x Abu Dhabi, UAEFriday 21 July 2017

Belgian gunman feared being sent back to jail

The body of a fourth victim, a 45-year-old woman, was found yesterday at the home of Nordine Amrani, 33, a convicted criminal with a history of drug-dealing and illegal firearms possession.

The Belgian gunman who launched a lunchtime attack with firearms and grenades in a busy city centre, killing three people and wounding scores of others, harboured grudges against the law and society, lawyers who have acted for him said yesterday.

The body of a fourth victim, a 45-year-old woman, was found yesterday at the home of Nordine Amrani, 33, a convicted criminal with a history of drug-dealing and illegal firearms possession.

Amrani, who was on parole, killed himself after the massacre on Tuesday in the city of Liège, 95 kilometres east of the capital Brussels, according to officials. Media reports quoted his legal advisers as saying he feared being sent back to jail after being "set up by people who wanted to harm him".

It was originally thought Amrani died when one of his grenades exploded prematurely, but Danièle Reynders, the Liège public prosecutor, told a press conference yesterday: "He committed suicide with a bullet to the head." The woman whose body was discovered at the gunman's home worked as a cleaner. She was found in a shed where Amrani stored cannabis plants and weapons. Tests were being conducted to establish whether she had been sexually assaulted.

Ms Reynders said the woman had been shot in the head before Amrani went to the Place Saint-Lambert, in the centre of Liège, armed with several grenades, an assault rifle and a revolver.

A boy aged 15 was killed at the scene as Amrani opened fire at random, while a 17-year-old boy and a child of 17 months died in hospital from their wounds. A 75-year-old woman, previously reported as dead, was later said to be alive but under intensive care. More than 120 other people were also injured.

As a minute's silence was observed in Liège yesterday to commemorate the victims, investigators were studying Amrani's background to establish a motive for what onlookers and officials said appeared to have been an attempt to kill as many people as possible.

When Amrani went to the roof of a baker's shop to launch his attack the streets were crowded with shoppers and also students, many of whom had been sitting end-of-term examinations. It would have been busier still had bad weather not delayed the opening of a Christmas market.

"We heard two huge, deafening noises and then lots of explosions. People were running everywhere," said a member of the baker's staff, identified as Patricia. "We closed the door, turned off the lights and hid behind the counter with the customers."

No message explaining Amrani's intentions has been found but prosecutors immediately ruled out any link with terrorism.

At least one early report speculated about a possible connection with a recently concluded "honour killing" trial, although that involved a Pakistani family while Amrani's origins are Moroccan and acquaintances said he did was not Muslim.

Belgian media reported that before launching his attacks, Amrani transferred a sum of money to his fiancee's bank account with the message: "I love you my love. Good luck."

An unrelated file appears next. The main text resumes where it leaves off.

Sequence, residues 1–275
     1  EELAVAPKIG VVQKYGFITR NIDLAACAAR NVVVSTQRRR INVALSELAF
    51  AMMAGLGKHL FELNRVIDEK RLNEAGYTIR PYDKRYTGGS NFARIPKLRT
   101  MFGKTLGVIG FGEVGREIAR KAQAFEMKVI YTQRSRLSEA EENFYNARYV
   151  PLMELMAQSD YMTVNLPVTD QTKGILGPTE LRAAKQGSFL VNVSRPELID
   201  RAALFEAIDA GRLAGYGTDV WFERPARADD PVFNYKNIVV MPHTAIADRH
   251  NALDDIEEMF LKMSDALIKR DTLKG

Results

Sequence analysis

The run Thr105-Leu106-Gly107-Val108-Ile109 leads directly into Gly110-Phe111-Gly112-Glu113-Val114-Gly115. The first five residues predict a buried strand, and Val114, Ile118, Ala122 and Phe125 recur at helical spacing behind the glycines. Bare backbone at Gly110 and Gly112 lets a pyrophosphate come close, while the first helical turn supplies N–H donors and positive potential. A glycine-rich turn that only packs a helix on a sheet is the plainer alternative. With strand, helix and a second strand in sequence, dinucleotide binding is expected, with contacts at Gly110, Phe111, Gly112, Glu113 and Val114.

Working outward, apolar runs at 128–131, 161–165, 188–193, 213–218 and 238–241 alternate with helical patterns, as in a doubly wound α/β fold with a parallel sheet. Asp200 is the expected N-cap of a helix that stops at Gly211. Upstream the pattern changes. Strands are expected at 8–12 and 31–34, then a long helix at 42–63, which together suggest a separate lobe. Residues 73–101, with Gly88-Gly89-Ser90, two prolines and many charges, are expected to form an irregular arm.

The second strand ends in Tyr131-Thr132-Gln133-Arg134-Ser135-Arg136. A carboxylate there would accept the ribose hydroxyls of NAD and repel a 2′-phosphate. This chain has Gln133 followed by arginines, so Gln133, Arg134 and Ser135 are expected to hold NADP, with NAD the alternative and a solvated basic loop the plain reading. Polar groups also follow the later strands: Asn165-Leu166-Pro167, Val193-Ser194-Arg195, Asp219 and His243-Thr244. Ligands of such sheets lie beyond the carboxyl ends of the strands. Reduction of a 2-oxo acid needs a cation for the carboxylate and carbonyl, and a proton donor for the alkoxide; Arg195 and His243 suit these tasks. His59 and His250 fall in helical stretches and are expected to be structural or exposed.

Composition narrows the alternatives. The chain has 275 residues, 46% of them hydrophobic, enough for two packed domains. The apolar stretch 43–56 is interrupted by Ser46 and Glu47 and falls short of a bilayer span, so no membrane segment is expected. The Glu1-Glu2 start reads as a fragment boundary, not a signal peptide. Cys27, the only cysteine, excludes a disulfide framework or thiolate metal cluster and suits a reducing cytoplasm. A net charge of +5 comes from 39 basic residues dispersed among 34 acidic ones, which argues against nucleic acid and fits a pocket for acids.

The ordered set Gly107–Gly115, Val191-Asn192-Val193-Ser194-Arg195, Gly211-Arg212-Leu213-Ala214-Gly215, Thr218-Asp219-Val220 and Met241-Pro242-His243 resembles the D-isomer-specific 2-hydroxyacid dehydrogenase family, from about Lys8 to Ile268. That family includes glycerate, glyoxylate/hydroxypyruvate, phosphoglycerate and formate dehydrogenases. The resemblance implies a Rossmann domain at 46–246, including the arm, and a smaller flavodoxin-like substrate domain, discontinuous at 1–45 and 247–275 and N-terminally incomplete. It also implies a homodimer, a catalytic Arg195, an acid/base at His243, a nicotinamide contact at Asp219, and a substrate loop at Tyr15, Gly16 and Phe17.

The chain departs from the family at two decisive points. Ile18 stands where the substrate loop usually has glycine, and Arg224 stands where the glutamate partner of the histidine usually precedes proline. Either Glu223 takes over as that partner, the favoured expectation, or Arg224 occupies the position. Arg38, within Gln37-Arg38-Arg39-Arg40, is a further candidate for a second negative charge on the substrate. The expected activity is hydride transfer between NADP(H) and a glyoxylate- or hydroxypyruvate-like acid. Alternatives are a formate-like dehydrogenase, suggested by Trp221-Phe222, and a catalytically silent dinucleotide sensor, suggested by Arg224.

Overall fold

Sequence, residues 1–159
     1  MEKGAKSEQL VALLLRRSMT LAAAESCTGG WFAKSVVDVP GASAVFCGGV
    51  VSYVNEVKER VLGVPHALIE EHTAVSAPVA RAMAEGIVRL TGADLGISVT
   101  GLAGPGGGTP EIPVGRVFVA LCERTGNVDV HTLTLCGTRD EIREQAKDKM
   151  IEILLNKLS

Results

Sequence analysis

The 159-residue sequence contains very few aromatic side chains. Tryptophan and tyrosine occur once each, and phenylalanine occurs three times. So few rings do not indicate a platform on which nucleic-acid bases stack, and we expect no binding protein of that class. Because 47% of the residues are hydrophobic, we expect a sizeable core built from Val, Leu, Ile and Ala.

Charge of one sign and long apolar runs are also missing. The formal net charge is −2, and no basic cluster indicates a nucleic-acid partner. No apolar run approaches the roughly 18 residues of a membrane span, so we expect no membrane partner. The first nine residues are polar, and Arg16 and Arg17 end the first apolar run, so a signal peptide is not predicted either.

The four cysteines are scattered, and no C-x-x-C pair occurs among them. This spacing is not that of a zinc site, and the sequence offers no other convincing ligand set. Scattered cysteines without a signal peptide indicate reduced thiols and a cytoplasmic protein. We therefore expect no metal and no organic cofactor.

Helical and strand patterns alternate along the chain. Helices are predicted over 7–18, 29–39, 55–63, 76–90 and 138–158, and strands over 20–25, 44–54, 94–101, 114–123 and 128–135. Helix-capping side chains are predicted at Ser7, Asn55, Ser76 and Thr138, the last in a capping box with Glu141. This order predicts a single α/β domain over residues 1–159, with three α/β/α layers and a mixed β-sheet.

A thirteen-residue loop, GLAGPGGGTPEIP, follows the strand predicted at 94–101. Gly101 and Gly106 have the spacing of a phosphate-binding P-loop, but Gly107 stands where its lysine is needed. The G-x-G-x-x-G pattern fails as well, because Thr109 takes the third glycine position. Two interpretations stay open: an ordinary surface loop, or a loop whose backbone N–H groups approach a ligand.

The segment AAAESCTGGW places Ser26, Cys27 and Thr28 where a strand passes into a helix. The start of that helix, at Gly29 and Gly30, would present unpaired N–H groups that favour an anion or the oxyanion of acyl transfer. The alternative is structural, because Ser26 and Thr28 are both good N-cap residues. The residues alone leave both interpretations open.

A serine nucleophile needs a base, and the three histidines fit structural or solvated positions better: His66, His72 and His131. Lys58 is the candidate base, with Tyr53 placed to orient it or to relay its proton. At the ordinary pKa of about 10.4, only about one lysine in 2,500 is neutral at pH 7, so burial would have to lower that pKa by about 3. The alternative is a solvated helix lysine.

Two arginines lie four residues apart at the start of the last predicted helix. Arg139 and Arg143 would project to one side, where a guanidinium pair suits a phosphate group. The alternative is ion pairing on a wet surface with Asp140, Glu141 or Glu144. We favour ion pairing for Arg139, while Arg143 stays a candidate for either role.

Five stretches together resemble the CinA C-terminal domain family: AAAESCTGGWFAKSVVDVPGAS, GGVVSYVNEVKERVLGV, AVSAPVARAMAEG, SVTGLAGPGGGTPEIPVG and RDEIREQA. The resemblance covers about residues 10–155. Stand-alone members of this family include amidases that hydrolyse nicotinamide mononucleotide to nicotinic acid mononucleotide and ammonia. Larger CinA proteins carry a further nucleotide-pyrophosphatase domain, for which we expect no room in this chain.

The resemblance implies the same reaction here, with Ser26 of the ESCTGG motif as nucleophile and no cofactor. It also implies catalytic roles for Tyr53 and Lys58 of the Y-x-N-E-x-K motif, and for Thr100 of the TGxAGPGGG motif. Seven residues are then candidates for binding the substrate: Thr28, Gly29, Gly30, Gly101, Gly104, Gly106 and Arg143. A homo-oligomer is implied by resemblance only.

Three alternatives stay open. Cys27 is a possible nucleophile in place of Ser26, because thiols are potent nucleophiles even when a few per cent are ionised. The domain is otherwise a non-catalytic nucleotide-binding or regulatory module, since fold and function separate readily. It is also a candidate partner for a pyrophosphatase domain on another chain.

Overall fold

If a clear explanation for his actions remained open to question yesterday, more became known about the perpetrator of the latest in a wave of deadly shooting sprees in Europe.

Amrani was a welder by trade but had a long criminal record, having most recently been sentenced in 2008 to up to four years and 10 months in prison for growing cannabis plants.

That case followed the discovery of drugs but also an arsenal of arms, including a rocket launcher, an AK47 rifle and several revolvers, at his home. He reportedly made his own silencers.

One focus of the present investigation will be to establish how a small-time criminal in a provincial Belgian city was able to acquire military firearms and grenades. When his home was raided, he refused to reveal the origins of his weapons or why he had them.

Amrani was given a conditional release in October 2010 but was arrested again recently in connection with allegations of sexual abuse. The attack in Liege coincided with the time of an appointment he had with prosecutors to be interviewed about those accusations.

"He feared being returned to prison," Jean-François Dister, Amrani's defence lawyer, was quoted as saying by the London Daily Telegraph. "He called me twice on Monday afternoon and on Tuesday morning about it. What worried him most was to be jailed again. According to my client it was a set-up by people who wanted to harm him. Mr Amrani had a grudge against the law. He thought he had been wrongfully convicted."

The newspaper also quoted his family lawyer, Abdelhadi Amrani, to whom he was not related, as saying: "He was crazy about weapons but as a collector. He felt he had not had much luck in life and felt unfairly treated by the courts. This was a ... tormented soul, estranged from justice, and against society."

The lawyer added that he "did not feel at all Moroccan", considering himself Belgian. "He did not speak a word of Arabic and was not Muslim."

Europe has seen several mass attacks in recent years. In by far the worst, 69 people were killed at a summer holiday camp run by Norway's ruling Labour party after eight had died in a blast at government buildings in Oslo. Anders Behring Breivik, a right-wing extremist, was arrested for both attacks.

On the same day as the attack-- in Liège, another right-wing extremist opened fire at a market in the Italian city of Florence, killing two street traders.

 

foreign.desk@thenational.ae